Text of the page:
October 22nd, 2007

Book Cover

A Special Day!

I used to be a Terwilliger Nature Guide.  Mrs. T. would discover something in nature and shout, "Something Special."  I feel that today, how special the moments at play. 

I have been reading Diane Ackerman's book, The Zookeeper's Wife, a true story about a zookeeper and his wife in Poland and how they risked their lives to  save the lives of many Jewish people when the Nazis invaded Poland.  The book is inspiring because it shows how many people did help.  People were not apathetic.  They did what they could and lives were saved.  This particular couple, Jan and Antonina Zabinski were amazingly brave and clever in saving Jewish lives.

There is a paragraph in the book that surprises me because it share so much of what I know of Buddhism, of what I try to keep in my awareness and practice.

    "Shapira's Hasidism included transcendent meditation, training the imagination and channeling the emotions to achieve mystical visions.  They ideal way, Shapira taught, was to "witness one's thoughts to correct negative habits and character traits." A thought observed will start to weaken, especially negative thoughts, which he advised students not to enter into but examine dispassionately. If they sat on the bank watching their stream of thoughts flow by, without being swept away by them, they might achieve a form of meditation called hashkatah: silencing the conscious mind.  He also preached "Sensitization to Holiness," a process of discovering the holiness within oneself.  The Hasidic tradition included mindfully attending to everyday life, as eighteeth-century teacher Alexander Susskind taught: "When you eat and drink, you experience enjoyment and pleasure from the food and drink. Arouse yourself every moment to ask in wonder, "What is this enjoyment and pleasure?  What is it that I am tasting?"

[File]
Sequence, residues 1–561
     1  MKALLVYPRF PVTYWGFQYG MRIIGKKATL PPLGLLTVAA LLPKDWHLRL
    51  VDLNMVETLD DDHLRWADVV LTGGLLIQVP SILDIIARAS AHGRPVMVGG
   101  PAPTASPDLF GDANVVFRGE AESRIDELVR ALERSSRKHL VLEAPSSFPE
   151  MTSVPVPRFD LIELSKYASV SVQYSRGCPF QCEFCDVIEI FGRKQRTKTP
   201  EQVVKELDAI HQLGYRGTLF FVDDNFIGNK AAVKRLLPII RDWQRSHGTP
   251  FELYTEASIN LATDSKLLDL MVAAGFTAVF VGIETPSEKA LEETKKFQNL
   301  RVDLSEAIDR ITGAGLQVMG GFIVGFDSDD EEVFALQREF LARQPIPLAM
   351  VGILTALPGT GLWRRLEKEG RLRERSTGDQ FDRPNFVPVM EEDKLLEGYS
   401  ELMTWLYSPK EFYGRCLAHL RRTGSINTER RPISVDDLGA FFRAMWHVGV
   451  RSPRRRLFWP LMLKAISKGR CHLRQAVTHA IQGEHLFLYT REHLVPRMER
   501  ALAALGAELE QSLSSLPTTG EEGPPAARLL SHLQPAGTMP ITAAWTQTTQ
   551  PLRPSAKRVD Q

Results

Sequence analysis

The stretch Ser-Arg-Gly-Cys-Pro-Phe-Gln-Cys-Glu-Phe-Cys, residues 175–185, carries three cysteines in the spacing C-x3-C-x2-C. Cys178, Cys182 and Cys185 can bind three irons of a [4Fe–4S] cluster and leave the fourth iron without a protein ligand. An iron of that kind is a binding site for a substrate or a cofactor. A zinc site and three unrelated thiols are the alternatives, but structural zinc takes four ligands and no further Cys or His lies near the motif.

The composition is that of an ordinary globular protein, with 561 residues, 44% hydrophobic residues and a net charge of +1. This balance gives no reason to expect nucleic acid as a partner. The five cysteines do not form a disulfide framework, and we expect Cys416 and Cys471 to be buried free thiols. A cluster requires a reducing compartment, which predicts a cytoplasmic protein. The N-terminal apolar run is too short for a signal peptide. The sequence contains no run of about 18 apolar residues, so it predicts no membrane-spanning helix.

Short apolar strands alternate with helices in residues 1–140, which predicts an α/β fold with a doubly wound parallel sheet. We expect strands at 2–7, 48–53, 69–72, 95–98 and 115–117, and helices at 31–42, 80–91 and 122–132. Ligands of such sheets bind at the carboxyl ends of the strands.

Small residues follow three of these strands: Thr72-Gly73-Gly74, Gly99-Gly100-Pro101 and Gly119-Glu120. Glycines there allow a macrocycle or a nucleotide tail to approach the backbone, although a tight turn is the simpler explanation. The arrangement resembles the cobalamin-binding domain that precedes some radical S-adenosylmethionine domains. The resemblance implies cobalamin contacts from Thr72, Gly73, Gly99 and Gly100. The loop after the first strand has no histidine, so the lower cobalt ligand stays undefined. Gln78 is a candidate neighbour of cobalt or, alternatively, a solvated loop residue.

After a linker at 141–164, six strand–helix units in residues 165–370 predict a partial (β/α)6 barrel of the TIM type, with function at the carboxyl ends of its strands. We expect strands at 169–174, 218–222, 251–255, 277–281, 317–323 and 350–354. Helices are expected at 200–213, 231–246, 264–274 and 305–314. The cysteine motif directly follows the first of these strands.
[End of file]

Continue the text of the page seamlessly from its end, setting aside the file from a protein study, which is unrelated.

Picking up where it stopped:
The Golden Rule seems to balance each religion.  How do we get so askew?

Thomas Merton had this to say:

The Merton Reflection for the Week of October 22, 2007

One of the most disturbing facts that came out in the [Adolf] Eichmann trial was that a psychiatrist examined him and pronounced him perfectly sane. I do not doubt it at all, and that is precisely why I find it disturbing. . . . .
            The sanity of Eichmann is disturbing. We equate sanity with a sense of justice, with humaneness, with prudence, with the capacity to love and understand other people. We rely on the sane people of the world to preserve it from barbarism, madness, destruction. And now it begins to dawn on us that it is precisely the sane ones who are the most dangerous.
            It is the sane ones, the well-adapted ones, who can without qualms and without nausea aim the missiles and press the buttons that will initiate the great festival of destruction that they, the sane ones, have prepared. What makes us so sure, after all, that the danger comes from a psychotic getting into a position to fire the first shot in a nuclear war? Psychotics will be suspect. The sane ones will keep them far from the button. No one suspects the sane, and the sane ones will have perfectly good reasons, logical, well-adjusted reasons, for firing the shot. They will be obeying sane orders that have come sanely down the chain of command. And because of their sanity they will have no qualms at all. When the missiles take off, then, it will be no mistake.

Thomas Merton. "A Devout Meditation in Memory of Adolf Eichmann" in Raids on the Unspeakable. New York: New Directions Publishing Co., 1964: 45, 46-47.

Thought to Remember:

[T]hose who have invented and developed atomic bombs, thermonuclear bombs, missiles; who have planned the strategy of the next war; who have evaluated the various possibilities of using bacterial and chemical agents: these are not the crazy people, they are the sane people.

I think it is why we must remember the words of Robin Williams.

You're only given a little spark of madness.  You mustn't lose  it.

Book Cover

If you grew up when I did -